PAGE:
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Academic and business writing – debts and burdens

August 16, 2011

What is striking about the patterns of writing in business is how much they owe to the academic world.  And the cursed ‘gift’ of writing in the passive voice is just one of them. Since the incidence of graduates in business roles that require report writing is high, it is not surprising they adopt an approach that owes so much to producing essays. Are there differences between the academic and business writer? Look at the typical characteristics of academic writing: complexity, formality, objectivity, explicitness, hedging, and responsibility. These are common in business writing, except the overt ‘hedging’.  But the academic approach is consensual, seeking acceptance, whereas business documents record or provide information for decision-making; so business writing is generally more functional. Except when it has to be persuasive; marketing exploits an emotional response to the subject matter – something very far from the academic ideal.

The gap

Despite academic influences, a complaint of managers is how poorly equipped many graduates are for business writing. This is largely anecdotal but we in Freshword have encountered this performance gap on a regular basis. There is statistical information on this (see our own Freshword survey) but we suspect it is not so much an understanding of the function of business writing that is the main challenge, but competence in the basics of good writing, such as grammar, spelling and effective sentence construction. I sense graduates leave the academic world celebrating the fact that they never have to do an essay again, only to be confronted by the greater risks and tighter deadlines of business reports.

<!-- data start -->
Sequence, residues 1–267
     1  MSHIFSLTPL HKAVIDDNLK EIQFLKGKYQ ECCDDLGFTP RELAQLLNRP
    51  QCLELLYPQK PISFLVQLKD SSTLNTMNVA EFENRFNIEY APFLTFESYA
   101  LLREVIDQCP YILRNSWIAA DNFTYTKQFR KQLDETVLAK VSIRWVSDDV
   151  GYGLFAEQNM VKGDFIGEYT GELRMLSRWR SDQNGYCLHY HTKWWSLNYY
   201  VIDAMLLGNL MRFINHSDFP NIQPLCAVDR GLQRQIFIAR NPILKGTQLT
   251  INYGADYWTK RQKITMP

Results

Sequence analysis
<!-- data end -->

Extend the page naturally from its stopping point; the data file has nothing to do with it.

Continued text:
The pursuit of truth

It is said that academic inquiry (and writing) is the pursuit of truth, where facts are distinguished from opinions and relative truths are distinguished from absolute truths. These are subtleties that the business world doesn’t really recognise. Adjusting to them can be a confusing process.

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